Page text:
Journal Article

Evaluating Crime Prevention: The Potential of Using Individual-Level Matched Control Designs

Kate J. Bowers, Steven P. Lab and Shane D. Johnson

in Policing: A Journal of Policy and Practice

Volume 2, issue 2, pages 218-225
Published in print January 2008 | ISSN: 1752-4512
Published online January 2008 | e-ISSN: 1752-4520 | DOI: http://dx.doi.org/10.1093/police/pan030
Evaluating Crime Prevention: The Potential of Using Individual-Level Matched Control Designs

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The relative merits of quasi-experimental area-level place-based evaluations and randomized control trials are the subject of contemporary debate in the criminological literature. Pertinent issues in the application of these approaches to crime prevention include the experimental validity of the former and the real-world practicality of the latter. In this article, we propose a ‘middle-ground’ and discuss the use of matched control designs and survival analysis conducted at the individual level. This is illustrated using information relating to a target-hardening scheme implemented in the UK. Some advantages of this approach are that it enables the tracking of samples of action and control households over time, does not demand random allocation to groups from the outset and provides insights into the longevity of the impact of measures. Disadvantages lie in the extensive data preparation required and the dependency of the process on detailed records from agencies.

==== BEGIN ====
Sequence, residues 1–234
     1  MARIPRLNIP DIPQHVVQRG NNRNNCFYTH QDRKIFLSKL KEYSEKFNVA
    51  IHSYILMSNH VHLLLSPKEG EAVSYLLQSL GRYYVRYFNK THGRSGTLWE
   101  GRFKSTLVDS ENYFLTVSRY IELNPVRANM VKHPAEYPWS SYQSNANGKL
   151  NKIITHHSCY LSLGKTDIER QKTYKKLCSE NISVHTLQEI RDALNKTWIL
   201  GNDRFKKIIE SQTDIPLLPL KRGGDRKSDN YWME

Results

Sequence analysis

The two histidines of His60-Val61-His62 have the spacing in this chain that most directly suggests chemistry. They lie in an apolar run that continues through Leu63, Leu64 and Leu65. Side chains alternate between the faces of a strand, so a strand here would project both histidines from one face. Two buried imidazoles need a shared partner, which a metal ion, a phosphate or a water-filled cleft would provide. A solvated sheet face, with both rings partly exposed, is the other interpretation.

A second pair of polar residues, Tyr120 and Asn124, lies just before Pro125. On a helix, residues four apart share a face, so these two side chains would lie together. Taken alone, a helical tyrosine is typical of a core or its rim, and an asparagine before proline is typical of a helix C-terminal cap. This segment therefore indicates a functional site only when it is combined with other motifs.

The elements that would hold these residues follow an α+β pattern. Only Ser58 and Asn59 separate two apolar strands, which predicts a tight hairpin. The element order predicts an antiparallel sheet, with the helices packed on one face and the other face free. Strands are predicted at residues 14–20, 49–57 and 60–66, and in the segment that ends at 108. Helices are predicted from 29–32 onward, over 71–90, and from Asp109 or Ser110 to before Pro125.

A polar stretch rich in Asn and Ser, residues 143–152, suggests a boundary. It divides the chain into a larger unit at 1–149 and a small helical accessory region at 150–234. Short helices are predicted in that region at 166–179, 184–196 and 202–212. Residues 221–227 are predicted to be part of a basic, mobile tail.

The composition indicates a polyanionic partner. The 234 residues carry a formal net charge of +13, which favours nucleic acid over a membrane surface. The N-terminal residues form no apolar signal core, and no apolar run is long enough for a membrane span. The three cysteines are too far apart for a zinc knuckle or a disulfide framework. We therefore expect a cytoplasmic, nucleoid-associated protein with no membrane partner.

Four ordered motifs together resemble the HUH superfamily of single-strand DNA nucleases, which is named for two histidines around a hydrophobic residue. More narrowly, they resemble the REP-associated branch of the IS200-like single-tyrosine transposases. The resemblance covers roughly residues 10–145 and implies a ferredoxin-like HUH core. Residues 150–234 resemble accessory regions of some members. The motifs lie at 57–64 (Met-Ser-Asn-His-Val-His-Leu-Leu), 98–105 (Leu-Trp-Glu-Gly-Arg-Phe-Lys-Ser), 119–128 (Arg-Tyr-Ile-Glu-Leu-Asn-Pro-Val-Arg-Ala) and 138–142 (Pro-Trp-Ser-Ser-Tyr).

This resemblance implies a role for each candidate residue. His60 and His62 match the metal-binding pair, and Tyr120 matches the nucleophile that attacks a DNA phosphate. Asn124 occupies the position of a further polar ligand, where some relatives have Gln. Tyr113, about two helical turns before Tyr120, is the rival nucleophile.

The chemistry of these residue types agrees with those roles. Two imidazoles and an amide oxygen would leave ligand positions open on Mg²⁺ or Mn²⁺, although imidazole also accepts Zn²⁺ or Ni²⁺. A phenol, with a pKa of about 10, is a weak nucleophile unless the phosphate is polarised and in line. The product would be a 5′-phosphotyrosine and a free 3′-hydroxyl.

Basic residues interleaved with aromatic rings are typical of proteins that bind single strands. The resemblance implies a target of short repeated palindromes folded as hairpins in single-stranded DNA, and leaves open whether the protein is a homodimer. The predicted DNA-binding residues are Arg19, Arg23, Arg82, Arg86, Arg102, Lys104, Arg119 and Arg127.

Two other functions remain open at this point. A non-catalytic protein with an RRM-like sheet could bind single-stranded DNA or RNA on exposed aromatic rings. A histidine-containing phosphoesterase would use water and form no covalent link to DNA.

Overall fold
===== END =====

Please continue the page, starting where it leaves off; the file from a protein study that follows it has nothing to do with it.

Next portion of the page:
Journal Article.  3817 words.  Illustrated.

Subjects: Policing

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